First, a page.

Feitosa documented illegal logging activity, and in one high-profile action, tipped off government officials who raided the logging sites, seized 6,000 illegally felled mahogany trees, and sold them at auction to raise $1.5 million to create a fund supporting sustainable development and conservation efforts. Feitosa also helped organize a protest in which community members linked their boats to barricade the mouth of a major river, blocking barges carrying illegal logs. They were able to seize about 2,000 logs.
Feitosa’s work has been carried out in an extremely remote area that is a two-day boat ride from the nearest large town. The northern state of Pará encompasses more than one-quarter of the country’s Amazon and boasts extensive unspoiled forested regions and freshwater river beaches. It also is home to many traditional and indigenous communities that live in almost total isolation from the outside world.
But starting in the 1970s, the government began to build roads through the Amazon to Pará, bringing in thousands of settlers. In 2005, Pará becamne one of the deep Amazon’s most lawless and environmentally threatened regions. Land grabbing, uncontrolled deforestation, illegal logging, and fires are rapidly destroying and degrading its forests. Logging has affected Pará more than any other region of the Amazon, resulting in the loss of one-fifth of the state’s tropical forest cover. Together, Pará’s deforested areas are about equal in size to the state of Colorado.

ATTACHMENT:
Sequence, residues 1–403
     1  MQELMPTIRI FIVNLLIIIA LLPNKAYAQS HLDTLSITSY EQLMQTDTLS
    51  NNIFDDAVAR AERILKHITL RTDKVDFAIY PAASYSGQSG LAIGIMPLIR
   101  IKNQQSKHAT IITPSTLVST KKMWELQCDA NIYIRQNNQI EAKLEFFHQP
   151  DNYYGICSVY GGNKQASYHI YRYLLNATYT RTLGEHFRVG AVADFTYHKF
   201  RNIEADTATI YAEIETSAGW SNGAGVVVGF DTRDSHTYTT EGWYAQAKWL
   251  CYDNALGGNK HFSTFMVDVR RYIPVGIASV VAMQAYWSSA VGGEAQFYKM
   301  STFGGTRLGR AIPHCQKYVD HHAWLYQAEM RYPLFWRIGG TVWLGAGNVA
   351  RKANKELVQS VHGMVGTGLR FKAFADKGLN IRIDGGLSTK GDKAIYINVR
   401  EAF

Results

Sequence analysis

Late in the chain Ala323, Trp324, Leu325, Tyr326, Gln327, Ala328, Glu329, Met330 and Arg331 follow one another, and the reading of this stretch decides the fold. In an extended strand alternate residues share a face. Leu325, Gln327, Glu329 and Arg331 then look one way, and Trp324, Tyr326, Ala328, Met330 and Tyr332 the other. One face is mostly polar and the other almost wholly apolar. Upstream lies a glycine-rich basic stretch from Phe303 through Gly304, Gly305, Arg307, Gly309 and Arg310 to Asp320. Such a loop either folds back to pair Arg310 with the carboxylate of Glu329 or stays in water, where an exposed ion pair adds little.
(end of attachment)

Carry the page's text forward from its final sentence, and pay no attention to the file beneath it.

In 2005, the Brazilian government began to pave the last 1,174 kilometers of road connecting Pará to the rest of Brazil. Without controls or protection, the road would open one of the final intact swaths of the Amazon to expanded cattle ranching and soy production, easier access for loggers and a greater influx of settlers who will set more fires to clear forest for their crops. In the Amazon, deforested areas receive less rainfall, and the plants and trees retain less moisture. As the area dries, the entire region becomes more susceptible to widespread forest fires like those in 1998 that engulfed much of the Amazon, and to droughts like the one in 2005 that left many Amazon tributaries completely dry, fish dying in the sun and many communities stranded and hungry.
Feitosa continues to fight for the protection of the Amazon and its people.